Other units currently managing their images in SALLIE include the Graduate School of Business, SLAC National Accelerator Laboratory and the Law School.

Jennifer McCann, archives research assistant at SLAC, said staff members there have been working together for some time to find a suitable way to manage and preserve its historical photographs as well as its growing collection of digital photos. They also wanted to find a new way to make their images available to the broader university community. SALLIE is already saving them money and time.

"We were on the verge of purchasing a database system to merge and manage these two collections when our multimedia communications manager, Brad Plummer, learned that SLAC could participate in SALLIE at no up-front cost to the lab.  Joining up with other Stanford departments saves us several thousand dollars and the headache of implementing an entirely new and different system with which no one is familiar.  Aside from saving money, staff time, and server space, we really like how easy SALLIE makes it to find, share and manage our images, and to easily access images from other groups at Stanford. We're really looking forward to sharing more of the unique photos from SLAC's collections with the rest of the university.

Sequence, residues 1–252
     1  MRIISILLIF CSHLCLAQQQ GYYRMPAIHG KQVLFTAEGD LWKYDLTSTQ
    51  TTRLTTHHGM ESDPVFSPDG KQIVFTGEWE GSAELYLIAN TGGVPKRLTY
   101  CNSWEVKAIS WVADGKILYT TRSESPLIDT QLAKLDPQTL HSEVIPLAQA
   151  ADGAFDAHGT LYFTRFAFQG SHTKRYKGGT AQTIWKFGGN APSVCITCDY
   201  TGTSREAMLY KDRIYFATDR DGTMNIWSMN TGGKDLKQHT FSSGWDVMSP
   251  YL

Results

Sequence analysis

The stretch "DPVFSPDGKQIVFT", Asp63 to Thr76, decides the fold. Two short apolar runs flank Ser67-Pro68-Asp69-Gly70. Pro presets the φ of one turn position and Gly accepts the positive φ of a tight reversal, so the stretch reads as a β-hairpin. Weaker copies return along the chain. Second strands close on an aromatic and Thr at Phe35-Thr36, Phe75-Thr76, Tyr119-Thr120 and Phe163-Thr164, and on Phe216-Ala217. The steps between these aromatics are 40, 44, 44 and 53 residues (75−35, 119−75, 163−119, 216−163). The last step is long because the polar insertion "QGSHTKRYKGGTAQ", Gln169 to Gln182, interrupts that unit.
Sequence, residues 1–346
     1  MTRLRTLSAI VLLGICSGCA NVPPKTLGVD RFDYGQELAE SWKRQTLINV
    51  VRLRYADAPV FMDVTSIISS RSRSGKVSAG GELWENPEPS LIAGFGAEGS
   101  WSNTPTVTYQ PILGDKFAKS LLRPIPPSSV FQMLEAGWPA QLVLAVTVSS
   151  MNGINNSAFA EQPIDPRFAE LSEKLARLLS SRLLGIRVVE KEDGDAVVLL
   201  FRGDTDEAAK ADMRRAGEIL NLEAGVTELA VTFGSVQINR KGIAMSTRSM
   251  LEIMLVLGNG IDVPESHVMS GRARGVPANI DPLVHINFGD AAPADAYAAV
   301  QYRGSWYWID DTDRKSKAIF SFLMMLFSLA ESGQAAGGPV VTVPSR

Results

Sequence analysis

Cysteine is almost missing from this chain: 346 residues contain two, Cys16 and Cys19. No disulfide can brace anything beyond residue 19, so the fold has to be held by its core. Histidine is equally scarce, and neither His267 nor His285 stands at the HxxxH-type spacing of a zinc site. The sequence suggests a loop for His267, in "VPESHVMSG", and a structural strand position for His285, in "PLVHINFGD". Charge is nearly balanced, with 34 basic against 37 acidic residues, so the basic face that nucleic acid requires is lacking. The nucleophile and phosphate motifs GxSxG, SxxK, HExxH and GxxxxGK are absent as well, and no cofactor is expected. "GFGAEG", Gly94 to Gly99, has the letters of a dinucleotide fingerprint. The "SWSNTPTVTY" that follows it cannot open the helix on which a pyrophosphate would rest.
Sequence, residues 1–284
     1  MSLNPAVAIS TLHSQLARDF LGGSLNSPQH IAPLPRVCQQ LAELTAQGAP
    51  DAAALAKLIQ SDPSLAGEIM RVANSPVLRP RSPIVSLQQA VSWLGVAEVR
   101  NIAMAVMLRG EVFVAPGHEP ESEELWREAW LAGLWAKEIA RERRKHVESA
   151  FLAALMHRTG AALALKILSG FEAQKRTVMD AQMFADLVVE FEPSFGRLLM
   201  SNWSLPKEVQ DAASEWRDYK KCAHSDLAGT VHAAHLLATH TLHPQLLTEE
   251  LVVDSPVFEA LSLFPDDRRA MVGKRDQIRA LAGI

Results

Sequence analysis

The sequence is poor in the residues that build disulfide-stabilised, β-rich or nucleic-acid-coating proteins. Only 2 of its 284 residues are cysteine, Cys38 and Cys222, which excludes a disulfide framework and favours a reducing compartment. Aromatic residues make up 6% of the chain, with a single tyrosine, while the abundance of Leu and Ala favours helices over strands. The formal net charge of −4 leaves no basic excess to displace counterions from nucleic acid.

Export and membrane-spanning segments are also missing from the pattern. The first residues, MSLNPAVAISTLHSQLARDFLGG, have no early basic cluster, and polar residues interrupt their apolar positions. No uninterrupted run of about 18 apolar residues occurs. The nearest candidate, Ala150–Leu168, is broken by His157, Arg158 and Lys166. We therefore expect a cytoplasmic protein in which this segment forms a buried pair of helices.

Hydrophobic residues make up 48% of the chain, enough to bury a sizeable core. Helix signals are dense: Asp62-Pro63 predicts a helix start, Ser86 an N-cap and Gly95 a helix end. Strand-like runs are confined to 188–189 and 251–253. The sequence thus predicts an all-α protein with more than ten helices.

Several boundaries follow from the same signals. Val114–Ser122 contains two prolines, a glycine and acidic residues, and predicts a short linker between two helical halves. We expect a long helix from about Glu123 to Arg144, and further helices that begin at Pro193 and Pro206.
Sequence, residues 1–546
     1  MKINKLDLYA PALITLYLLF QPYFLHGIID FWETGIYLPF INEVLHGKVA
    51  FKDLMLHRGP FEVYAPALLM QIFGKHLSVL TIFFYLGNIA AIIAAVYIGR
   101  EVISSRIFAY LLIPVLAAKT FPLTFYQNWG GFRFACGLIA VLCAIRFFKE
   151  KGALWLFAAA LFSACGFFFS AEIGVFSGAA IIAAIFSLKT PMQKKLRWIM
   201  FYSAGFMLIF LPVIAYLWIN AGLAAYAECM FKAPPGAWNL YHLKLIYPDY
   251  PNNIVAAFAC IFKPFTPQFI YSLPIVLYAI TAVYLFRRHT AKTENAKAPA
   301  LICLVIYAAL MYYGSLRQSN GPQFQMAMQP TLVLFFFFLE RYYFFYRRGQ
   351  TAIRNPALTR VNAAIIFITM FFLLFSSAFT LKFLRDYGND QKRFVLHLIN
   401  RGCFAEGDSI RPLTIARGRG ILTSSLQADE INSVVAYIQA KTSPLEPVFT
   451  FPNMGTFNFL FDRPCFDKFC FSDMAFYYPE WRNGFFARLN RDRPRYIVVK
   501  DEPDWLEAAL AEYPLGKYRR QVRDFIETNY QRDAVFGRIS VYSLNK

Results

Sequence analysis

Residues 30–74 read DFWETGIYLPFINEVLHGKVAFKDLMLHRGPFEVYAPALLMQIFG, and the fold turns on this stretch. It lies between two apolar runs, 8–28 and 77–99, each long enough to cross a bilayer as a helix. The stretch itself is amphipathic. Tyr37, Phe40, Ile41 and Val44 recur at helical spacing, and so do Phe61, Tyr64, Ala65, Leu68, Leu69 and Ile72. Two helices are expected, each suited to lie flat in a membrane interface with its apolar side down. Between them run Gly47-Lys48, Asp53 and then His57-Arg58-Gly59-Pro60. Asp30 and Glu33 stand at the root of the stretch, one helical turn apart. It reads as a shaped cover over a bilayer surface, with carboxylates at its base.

Rebecca Smith Vogel, assistant vice president in the Office of Development, added, "SALLIE is going to be a wonderful resource that will offer a much more efficient and robust solution than what we have been using for storing and accessing our digital assets.  Since SALLIE will also provide us with access to other Stanford departments' assets, we will be able to repurpose images we may not have otherwise known existed, saving time and money."

To view images in SALLIE visit http://sallie.stanford.edu/ and log in with your SUNet ID.

To find out how to use SALLIE for your department's images, visit http://picture.stanford.edu/sallieinfo/ .